- He has low muscle tone and seems floppy.
- He is easily tired and often has slumped postures.
- Poor attention span and concentration and can be distracted easily.
- He avoids equipment and toys which are movement-based like slides or swings.
- He is known to be a very picky eater with restricted eating habits.
- He has difficulty in sustaining friendships because of difficulty engaging with peers.
- He often feels distressed while doing self-care tasks like nail cutting, tying shoelaces, dressing, hair-washing, self-feeding or even hair brushing.
- He has problems in accepting change in the routine or transition between different tasks.
- It is difficult to have him engaged in a two-way interaction because of delayed communication and social skills.
- He has difficulty knowing how to play with other children and prefers to play alone.
- He moves too fast with big movements.
- He performs tasks with too much force like writing too light or too hard.
- Less Commonly found Characteristics by a Child with Sensory Processing Disorder
These are some characteristics associated with sensory processing disorder but these are not always found in a person suffering from sensory processing disorder.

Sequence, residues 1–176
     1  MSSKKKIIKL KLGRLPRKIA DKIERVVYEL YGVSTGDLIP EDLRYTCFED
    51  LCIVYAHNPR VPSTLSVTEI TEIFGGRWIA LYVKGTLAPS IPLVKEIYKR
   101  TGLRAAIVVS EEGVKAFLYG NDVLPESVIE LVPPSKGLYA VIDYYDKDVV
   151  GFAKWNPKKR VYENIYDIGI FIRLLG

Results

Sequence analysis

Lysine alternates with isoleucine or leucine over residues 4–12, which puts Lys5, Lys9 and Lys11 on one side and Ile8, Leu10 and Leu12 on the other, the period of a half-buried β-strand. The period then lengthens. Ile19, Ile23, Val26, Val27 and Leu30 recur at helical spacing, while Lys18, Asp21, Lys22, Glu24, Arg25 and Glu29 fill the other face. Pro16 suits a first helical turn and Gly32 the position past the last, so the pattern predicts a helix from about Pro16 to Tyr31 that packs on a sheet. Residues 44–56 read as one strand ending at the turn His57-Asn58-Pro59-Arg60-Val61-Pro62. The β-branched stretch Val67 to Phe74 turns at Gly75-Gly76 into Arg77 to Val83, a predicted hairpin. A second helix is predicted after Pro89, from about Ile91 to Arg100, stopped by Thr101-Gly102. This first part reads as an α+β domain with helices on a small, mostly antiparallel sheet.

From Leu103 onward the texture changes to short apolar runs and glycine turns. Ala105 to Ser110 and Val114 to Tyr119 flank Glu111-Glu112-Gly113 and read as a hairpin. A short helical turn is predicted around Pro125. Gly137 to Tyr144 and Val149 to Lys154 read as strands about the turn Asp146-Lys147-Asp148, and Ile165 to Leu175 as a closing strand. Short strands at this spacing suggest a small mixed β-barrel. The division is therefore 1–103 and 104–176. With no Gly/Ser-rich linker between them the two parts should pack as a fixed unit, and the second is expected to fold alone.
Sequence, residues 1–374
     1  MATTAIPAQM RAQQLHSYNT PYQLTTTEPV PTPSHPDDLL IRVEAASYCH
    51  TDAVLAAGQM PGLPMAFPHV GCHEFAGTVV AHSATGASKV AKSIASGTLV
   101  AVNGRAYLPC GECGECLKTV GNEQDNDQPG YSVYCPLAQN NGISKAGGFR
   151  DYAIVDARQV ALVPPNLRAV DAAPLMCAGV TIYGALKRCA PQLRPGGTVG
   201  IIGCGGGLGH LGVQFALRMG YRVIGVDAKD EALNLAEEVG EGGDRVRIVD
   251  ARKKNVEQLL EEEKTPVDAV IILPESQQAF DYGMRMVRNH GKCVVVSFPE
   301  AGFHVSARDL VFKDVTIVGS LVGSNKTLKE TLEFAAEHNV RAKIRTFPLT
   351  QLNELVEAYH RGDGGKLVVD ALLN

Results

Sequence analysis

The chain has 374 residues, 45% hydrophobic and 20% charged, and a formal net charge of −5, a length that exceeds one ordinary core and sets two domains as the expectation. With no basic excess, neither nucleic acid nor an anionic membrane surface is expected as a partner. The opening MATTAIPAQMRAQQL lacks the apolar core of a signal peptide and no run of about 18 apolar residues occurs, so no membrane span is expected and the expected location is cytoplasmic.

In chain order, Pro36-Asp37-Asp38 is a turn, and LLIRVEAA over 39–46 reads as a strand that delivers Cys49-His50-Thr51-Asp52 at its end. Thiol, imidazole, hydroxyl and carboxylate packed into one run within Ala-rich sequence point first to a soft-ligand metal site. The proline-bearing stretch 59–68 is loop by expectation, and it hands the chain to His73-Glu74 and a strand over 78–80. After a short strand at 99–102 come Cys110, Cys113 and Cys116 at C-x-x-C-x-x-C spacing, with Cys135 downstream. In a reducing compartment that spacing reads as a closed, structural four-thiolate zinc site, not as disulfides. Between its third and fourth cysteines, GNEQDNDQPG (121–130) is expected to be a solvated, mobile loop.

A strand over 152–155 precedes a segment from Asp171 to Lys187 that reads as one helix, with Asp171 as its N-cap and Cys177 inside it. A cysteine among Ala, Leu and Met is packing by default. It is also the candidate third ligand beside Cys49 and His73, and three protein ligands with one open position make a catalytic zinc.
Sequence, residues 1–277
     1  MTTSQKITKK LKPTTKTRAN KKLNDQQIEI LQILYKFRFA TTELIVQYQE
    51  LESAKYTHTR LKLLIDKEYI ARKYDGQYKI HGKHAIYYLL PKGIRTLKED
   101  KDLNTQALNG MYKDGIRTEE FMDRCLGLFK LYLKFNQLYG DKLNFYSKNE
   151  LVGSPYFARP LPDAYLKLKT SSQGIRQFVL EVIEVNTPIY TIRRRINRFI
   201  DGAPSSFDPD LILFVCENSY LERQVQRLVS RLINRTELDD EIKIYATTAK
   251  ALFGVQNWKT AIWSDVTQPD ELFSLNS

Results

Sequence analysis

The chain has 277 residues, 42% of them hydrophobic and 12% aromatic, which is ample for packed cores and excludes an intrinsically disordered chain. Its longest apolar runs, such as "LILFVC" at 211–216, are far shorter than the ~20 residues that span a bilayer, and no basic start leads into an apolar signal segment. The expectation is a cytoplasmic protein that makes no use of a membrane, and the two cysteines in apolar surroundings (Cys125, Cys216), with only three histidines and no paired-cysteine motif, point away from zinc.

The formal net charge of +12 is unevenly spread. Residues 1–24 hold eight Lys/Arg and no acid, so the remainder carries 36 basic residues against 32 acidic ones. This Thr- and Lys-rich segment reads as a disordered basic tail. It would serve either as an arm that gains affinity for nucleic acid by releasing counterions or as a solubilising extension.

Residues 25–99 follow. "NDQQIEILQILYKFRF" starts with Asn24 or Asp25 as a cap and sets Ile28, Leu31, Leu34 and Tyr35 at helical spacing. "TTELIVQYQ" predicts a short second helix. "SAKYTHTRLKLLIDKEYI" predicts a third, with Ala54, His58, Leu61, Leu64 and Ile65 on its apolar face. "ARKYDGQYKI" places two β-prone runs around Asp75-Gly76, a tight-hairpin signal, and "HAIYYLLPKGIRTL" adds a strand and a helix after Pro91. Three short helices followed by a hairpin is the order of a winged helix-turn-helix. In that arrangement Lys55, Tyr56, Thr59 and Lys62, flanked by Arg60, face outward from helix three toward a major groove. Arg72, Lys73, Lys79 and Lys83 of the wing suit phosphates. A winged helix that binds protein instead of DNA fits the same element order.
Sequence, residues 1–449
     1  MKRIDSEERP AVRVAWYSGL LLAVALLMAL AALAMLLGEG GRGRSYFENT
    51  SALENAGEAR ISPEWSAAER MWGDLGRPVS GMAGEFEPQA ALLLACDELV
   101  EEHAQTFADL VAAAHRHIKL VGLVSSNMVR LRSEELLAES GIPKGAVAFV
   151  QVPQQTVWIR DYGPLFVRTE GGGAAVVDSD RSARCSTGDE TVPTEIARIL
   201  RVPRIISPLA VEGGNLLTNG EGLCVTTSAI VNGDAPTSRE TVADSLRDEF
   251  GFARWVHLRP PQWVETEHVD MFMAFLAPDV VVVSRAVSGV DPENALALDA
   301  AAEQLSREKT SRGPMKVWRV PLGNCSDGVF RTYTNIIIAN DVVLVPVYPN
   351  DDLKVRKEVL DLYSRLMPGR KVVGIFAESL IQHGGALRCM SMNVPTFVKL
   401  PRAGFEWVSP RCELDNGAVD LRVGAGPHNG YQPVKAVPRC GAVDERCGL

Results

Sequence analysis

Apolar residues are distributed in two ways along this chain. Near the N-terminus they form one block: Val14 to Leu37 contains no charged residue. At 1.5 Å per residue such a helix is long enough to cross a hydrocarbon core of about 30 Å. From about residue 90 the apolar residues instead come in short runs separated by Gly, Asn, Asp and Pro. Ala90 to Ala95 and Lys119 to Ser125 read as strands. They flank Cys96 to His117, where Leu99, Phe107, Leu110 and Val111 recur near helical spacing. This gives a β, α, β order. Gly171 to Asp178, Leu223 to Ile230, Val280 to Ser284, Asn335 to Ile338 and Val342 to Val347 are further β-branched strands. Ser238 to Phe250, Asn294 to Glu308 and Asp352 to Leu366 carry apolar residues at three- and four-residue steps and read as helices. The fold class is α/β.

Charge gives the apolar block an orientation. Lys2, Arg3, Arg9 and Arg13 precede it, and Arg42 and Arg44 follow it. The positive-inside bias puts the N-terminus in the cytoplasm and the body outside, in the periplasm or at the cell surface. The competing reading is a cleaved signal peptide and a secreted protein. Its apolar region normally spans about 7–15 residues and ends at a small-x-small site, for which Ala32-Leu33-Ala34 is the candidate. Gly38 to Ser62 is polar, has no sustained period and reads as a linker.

- The child has poor planning and sequencing.
- The child has poor play skills.
- The child is being able to follow the instruction at school and at home as well.
- He has behavioral difficulties.
- He adequately expresses ideas, feelings, and thoughts using language.
- He has a problem with both fine and gross motor skills.
- He can sometimes engage in meaningful interactions with his peers.
- He has poor organizational skills.
- He has a poor working memory.
- He has poor executive functioning.
- Symptoms of Sensory Processing Disorder
Even after mentioning the characteristics of sensory processing disorder, some parents might still be confused about how they can know that their child is suffering from sensory processing disorder.
The sensory disorder can affect only one sense like the taste, touch, or hearing or it can affect more than one sense and you will find people reacting both over sensitively or under sensitively to this sensory information.